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Weathering A 1920s Tank Car


Bob Chaparro
 

On another group Larry Olsen asked:

"I’m going to be weathering a Tangent General American 8000 gallon insulated tank car. The tank car is silver and has a 1922 built date. I want to weather the car to represent a three year car that has been hauling gasoline. As prototype 1920’s color photos aren’t available, what colors should I use to weather the tank. Should I just weather the soot that would accumulate on the top of the tank and run down the sides when wet. Would light rust begin to appear on the tank top for a tank car three years old. Then add the wheel splashed on the ends and under side of the tank. Thanks for the help."

Suggestions?

Bob Chaparro

Hemet, CA


Bruce Smith
 

Add spilled lading on the center section of the tank where the dome is and it sounds pretty complete. I would skip most rust, although a little at the tank bands where they move on the tank during expansion and contraction might be in order. 

Regards,
Bruce Smith
Auburn, Al


From: main@RealSTMFC.groups.io <main@RealSTMFC.groups.io> on behalf of Bob Chaparro via groups.io <chiefbobbb@...>
Sent: Friday, December 25, 2020 6:19 PM
To: main@RealSTMFC.groups.io <main@RealSTMFC.groups.io>
Subject: [RealSTMFC] Weathering A 1920s Tank Car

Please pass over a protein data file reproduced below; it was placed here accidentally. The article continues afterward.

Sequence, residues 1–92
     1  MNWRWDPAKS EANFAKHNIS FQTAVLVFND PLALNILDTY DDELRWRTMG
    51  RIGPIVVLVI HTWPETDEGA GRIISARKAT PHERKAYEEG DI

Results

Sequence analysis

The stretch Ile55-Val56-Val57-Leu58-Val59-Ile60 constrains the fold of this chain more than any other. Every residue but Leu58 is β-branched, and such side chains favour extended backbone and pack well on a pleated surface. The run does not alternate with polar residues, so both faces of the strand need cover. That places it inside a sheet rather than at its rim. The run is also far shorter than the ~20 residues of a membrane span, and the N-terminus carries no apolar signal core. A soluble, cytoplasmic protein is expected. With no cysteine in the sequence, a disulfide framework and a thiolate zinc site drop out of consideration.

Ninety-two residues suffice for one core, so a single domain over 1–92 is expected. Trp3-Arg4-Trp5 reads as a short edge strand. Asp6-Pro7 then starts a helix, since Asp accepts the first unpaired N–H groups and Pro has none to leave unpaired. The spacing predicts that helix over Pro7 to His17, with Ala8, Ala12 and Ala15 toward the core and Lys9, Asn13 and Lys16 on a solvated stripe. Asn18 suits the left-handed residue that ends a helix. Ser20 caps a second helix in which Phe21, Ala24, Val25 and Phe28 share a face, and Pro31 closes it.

On another group Larry Olsen asked:

"I’m going to be weathering a Tangent General American 8000 gallon insulated tank car. The tank car is silver and has a 1922 built date. I want to weather the car to represent a three year car that has been hauling gasoline. As prototype 1920’s color photos aren’t available, what colors should I use to weather the tank. Should I just weather the soot that would accumulate on the top of the tank and run down the sides when wet. Would light rust begin to appear on the tank top for a tank car three years old. Then add the wheel splashed on the ends and under side of the tank. Thanks for the help."

Suggestions?

Bob Chaparro

Hemet, CA


Todd Sullivan
 

Except that, if the tank car is insulated, the tank bands would be installed to run under the insulation so they could securely clamp the tank to the frame.  Tank car insulation was asbestos sheet covered by a thin metal jacket, not very substantial material for the tank straps to clamp to.

Todd Sullivan.


Tony Thompson
 

Todd Sullivan wrote:

Except that, if the tank car is insulated, the tank bands would be installed to run under the insulation so they could securely clamp the tank to the frame.  Tank car insulation was asbestos sheet covered by a thin metal jacket . . .

Not ordinarily, unless hot cargoes were expected. Magnesite was more common, and fiberglass batts were used too. Lots of photos of both at AC&F.
    But Todd's point is that hold-down bands were NOT outside jackets, important to know.

Tony Thompson




Todd Sullivan
 

Thank you for the additional information, Tony.  Gifts of information like this are what makes this collection of modelers the best, in my  opinion.

Todd Sullivan